11 September 2018 – Connecting Brazilian Dots
Humpback whales put on a spectacular show as we sail south along the Brazilian coast to Rio de Janeiro. After some sightseeing, we travel inland to learn from prof. Irene Cardoso how agroecology can help tackle issues of deforestation, soil degradation, poverty, and human health.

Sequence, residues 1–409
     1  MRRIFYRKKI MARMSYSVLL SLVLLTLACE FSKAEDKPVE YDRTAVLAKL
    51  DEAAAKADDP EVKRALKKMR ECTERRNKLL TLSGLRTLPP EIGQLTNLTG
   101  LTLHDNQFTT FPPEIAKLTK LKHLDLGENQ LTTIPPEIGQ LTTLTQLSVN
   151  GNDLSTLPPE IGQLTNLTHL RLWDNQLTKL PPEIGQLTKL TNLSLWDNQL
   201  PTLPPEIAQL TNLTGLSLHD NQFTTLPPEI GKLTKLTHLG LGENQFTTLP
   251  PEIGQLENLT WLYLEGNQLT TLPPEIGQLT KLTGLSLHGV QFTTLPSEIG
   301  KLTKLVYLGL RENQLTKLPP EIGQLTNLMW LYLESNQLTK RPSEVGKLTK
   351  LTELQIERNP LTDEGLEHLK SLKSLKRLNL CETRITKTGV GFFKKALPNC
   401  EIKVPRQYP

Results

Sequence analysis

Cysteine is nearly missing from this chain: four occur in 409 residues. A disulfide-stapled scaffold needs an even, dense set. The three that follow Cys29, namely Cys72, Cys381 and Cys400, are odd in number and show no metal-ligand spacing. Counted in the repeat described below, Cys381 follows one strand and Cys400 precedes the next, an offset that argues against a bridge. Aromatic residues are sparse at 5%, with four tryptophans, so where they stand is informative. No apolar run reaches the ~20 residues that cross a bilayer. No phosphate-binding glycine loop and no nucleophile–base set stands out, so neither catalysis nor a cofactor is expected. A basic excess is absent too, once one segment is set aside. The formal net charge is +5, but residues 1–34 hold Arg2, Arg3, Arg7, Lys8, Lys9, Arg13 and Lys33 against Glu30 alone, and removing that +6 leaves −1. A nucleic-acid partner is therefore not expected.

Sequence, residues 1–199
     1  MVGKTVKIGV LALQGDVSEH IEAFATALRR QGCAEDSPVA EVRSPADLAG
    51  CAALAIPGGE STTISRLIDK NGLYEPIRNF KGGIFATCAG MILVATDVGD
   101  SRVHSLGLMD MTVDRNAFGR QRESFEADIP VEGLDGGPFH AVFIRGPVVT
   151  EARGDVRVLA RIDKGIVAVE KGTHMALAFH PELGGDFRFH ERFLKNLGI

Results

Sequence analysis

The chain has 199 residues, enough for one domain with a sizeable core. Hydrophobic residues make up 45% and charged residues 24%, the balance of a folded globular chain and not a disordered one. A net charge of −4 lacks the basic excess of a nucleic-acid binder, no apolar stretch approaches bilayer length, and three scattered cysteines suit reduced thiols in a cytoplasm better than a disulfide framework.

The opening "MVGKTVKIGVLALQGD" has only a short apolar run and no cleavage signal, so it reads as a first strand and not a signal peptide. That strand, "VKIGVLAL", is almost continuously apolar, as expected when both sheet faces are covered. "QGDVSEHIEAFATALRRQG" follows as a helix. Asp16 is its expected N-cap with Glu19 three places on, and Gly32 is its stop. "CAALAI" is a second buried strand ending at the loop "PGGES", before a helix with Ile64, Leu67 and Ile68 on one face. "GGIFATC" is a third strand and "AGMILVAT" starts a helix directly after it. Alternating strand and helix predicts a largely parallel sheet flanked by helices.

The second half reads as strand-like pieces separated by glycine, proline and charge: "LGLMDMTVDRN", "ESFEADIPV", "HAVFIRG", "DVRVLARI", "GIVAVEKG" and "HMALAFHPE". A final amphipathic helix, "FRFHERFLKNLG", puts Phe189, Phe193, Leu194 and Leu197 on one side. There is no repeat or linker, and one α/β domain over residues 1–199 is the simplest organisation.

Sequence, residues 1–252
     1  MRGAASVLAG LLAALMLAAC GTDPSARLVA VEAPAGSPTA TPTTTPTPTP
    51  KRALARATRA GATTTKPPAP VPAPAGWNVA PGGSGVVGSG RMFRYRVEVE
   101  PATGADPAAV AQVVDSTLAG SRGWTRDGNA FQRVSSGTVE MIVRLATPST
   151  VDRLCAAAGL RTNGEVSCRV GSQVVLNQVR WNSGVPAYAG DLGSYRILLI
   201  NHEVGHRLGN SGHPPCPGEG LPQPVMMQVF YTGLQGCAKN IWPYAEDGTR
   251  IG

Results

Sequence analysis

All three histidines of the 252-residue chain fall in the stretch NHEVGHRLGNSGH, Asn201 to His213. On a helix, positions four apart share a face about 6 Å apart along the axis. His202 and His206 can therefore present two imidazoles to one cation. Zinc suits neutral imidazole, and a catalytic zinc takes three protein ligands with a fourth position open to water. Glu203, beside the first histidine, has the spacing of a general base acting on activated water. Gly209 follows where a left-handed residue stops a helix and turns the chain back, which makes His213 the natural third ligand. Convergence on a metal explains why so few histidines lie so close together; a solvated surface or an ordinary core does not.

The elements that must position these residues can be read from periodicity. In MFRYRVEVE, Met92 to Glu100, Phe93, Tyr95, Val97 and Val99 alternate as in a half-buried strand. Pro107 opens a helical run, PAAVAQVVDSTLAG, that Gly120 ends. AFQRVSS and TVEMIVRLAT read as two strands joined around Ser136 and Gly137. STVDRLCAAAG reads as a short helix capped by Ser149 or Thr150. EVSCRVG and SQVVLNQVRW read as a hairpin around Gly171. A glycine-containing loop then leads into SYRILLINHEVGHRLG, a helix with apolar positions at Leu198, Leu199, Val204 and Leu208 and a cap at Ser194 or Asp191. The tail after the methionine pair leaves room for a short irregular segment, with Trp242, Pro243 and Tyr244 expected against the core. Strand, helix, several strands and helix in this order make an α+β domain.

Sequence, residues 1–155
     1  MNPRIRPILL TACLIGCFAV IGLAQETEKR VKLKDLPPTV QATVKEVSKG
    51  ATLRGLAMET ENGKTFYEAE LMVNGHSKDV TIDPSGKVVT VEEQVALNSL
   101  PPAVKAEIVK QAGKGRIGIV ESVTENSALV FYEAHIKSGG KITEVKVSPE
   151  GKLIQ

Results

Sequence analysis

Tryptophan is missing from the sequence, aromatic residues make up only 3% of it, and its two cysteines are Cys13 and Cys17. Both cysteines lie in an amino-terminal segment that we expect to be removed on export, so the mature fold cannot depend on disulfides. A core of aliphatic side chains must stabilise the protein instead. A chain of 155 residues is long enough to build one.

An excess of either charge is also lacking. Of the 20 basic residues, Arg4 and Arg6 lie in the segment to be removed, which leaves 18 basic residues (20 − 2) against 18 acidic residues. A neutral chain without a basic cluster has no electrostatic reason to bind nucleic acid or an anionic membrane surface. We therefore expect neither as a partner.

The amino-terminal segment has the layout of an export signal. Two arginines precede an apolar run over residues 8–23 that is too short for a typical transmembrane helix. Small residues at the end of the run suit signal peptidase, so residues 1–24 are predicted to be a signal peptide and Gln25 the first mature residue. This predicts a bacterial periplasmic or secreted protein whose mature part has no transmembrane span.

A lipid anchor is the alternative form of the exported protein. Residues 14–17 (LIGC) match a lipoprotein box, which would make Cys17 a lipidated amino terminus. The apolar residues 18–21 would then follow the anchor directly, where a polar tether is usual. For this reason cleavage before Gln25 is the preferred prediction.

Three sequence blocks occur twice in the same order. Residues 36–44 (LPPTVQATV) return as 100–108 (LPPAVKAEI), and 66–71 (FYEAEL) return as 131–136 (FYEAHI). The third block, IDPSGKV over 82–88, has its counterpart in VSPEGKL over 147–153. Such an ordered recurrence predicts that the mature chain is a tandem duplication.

Ilhéus (BRA) – Rio de Janeiro (BRA) “What’s that high-pitched sound?” Floris asks. “It sounds like a whimpering dog.” Moments later a humpback whale surfaces right in front of the boat, followed by a second one. “Grab the camera!” Ivar shouts in excitement. For the next thirty minutes, we are treated to a whale sing & dance performance. Their songs resonate in the cabin and every now and then they show themselves, flapping their fins or revealing their tails before a deep dive. The spectacle reaches its moment suprême when two whales breach in unison. We’re in awe. Throughout our trip from Ilhéus to Vitória we observe these magnificent sea mammals. It softens the pain of not stopping at the Albrohos islands, where the underwater world is said to be spectacular and there is a large colony of boobies. A frontal zone followed by strong southerly winds is expected, so we need to continue sailing and seek shelter in the harbor of Vitória. forest farm in Bahía, we are eager to learn more about agroecology at a conference to which Professor Irene Cardoso has invited us. We cross the coastal mountains and drive for hours through rolling hills before we arrive in Viçosa. We are staying with Marluce and Jenner, Irene’s neighbors, who pick us up from the bus station and take us to their beautiful home just outside town, amidst small farms and green hills. We meet Irene at the university during the opening of the conference. Just how big a star she is becomes evident when the audience cheers as she takes the stage. Authority and wisdom radiate from her opening speech. Rhetorically she asks: “Would you rather rely on nature or on large chemical companies to grow your food?” We are all ears. “We’re here to exchange knowledge on how to accelerate the transition to a future-proof farming model” Irene continues. Relying on nature sounds fantastic to us, but could it really be the future of farming? According to Pablo Tittonell, an agroecology professor from Argentina, it can. He tells us that the vast majority of the world’s food is produced in non-western countries and globally 97% of the world’s farms are smaller than 2 hectares. Applying agroecology principles offers many benefits to them, Pablo explains. “The most important benefits are lower input costs, better yields, and healthier soils. Family farms also contribute to more biodiversity because they grow different crops, which they can also use for their own consumption.” Food in the Community The next morning at breakfast we learn just how small-scale and familiar agroecology can get. As we indulge on sweet mangos, papayas and bananas, Marluce mentions that these delicious fruits come from a neighboring organic farm. When Irene takes us there, we find a family home surrounded by a vegetable garden and fruit trees. The young couple and their daughters are giving us a tour of the farm they started only recently. “When I was breastfeeding my first daughter”, the mother explains, “I didn’t want to feed her poisons from the food we used to eat, so I started my own garden. That way I could be certain that everything would be poison-free.” What started out as a home garden has grown into an organic community food hotspot. “Our neighbors buy most of the fruits and vegetables. The rest I sell at the weekly organic market.” She and the community are happy. The income helps to support her family and the community can eat fresh, locally grown food, free of poisons. Coffee Forest Our next field trip with Irene and the conference participants is to a coffee farm in Araponga. Irene’s Dutch husband Arne Janssen, a professor in ecology specialized in biological pest control, also joins us. On the way there, Irene explains that the University of Viçosa collaborates with the local coffee farmers. “We helped them find the natural production system that would generate the highest yields. In return, the farmers let us do research based on their practices.” At the plantation, farmer Edmar tours us around while Irene and Arne provide translations and background information. We learn that the diversity of plants and trees between and around the coffee shrubs make for a healthy ecosystem and are therefore essential to the farm’s success. The forest next to the coffee plants has multiple purposes. The trees provide the right amount of shade for the coffee beans, fix nutrients in the soil, and some bear fruits for consumption. Edmar collects their leaves and branches to use as fertilizer for the coffee plants, which not only saves money, but also allows him to grow “natural coffee”, meaning that no other fertilizers, pesticides and herbicides are used, not even organic ones. Arne picks a leaf from a coffee shrub. “Do you see these tiny caverns in the leaves? They function as homes for insects that are the natural enemies of a common coffee pest. All we have to do to harvest healthy food is to create a balanced ecosystem where pests are controlled by the plants themselves, like Edmar has achieved. Nature is so much more intelligent than most people realize!” he says, smiling. Irene adds that the farm is even more special. “The model of land ownership here is quite unique for Brazil. Using a cooperative model, small-scale farmers pooled their savings to buy land together. Deforested and exhausted land of course, that’s what the large landowners were prepared to sell. By allowing the soil to regenerate using agroecology techniques, they made the land fertile again. Now that the farmers own the land, they can decide themselves what to plant. Besides coffee, which they sell for cash, they grow diverse crops for their own use and to earn a decent living. And they keep buying more land, with more people joining the cooperative. It has allowed farmers to return from the slums of Rio de Janeiro and successfully farm here.” This example shows that agroecology also has a socio-economical component. A Better Future for the Poor This component also becomes evident when we visit a community of slave descendants, the Quilombola Coreggo de Meio. The university runs a cultural and environmental exchange project with them. By helping them to organize a cultural/religious procession, or caravana, the university is getting familiar with the community’s traditions and gains their trust. We learn how important religion and ceremony are, when during our encounter at the community’s meeting center, music and prayer are intertwined with discussions about their past and present conditions. Mestre Boi, the community leader, has tears in his eyes when he shares a personal story with the group. “We are a very poor community. Many of us are unemployed, or addicted to alcohol. I lost my son to alcohol, and I almost died, too. But I found support in my faith.” He smiles as he watches his granddaughter share chocolates with the group. “She is going to school now, and is a very intelligent girl. I pray to God she can also go to the university someday.” We are moved to learn about the struggle of Brazil’s poor, and start to understand the value of this project. The community feels supported by our interest, while the university also shows them building and farming techniques. When we interview Irene later that evening, she stresses how important agriculture is for the poor and the role of politics. “Industrial agriculture needs large farms, monocultures and mechanization to be economically successful. In the process, rainforest is destroyed and the soil exhausted, the land poisoned and the workers are underpaid. Rural jobs are lost and small farmers who try to compete on price lose out. Many move to the cities, only to learn that there is no work for them there.” She explains the importance of land rights in national politics: “Land in Brazil is extremely unequally distributed among our population. Land reform would benefit small farmers. It was one of the pillars of President Lula’s policies. It is a real shame that he’s been sidelined for the coming elections by a rich elite that corrupts our government.” Irene convinces us that agroecology provides a proven better future for the nation’s poor. Divine Diversity Having learned about the scientific, practical, social, economical and political sides of agroecology, we are about to learn about another one. Irene and Arne take us to a seed exchange, organized by a church in the community of Divino. Some sixty people, from young to old, have gathered outside the church. All of us form a circle around the seeds, fruits and plants that each one has brought. During introductions, we learn that some of them are coffee farmers. They are worried about low coffee prices, people leaving the community and the recent closure of the community’s school. Irene invites everyone to pick a seed that intrigues them. One by one, they explain what they picked and why. Many people sound nostalgic as they take the microphone and share with the group why they have good memories of certain crops but no longer plant them. Then Irene address the crowd. “God did not create monoculture crops, nor did women. Men did! Planting a variety of food crops has so many benefits. When your cash crop harvest is poor, or prices are low, you can eat your own. And by using agroecology principles, you don’t poison nature and respect God’s creation.” Once again she impresses her audience, including us. “Irene takes agroecology even to the spiritual level”, Arne observes.